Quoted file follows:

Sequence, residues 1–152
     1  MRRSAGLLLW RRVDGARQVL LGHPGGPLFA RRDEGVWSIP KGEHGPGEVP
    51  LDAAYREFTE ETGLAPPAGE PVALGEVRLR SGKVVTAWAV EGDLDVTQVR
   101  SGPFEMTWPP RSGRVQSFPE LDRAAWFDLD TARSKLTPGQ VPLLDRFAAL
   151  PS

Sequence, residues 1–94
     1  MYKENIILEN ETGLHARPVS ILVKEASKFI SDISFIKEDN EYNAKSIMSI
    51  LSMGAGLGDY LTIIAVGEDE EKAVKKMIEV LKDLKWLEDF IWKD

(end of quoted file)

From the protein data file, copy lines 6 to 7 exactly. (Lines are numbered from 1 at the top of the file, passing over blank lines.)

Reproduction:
Sequence, residues 1–94
     1  MYKENIILEN ETGLHARPVS ILVKEASKFI SDISFIKEDN EYNAKSIMSI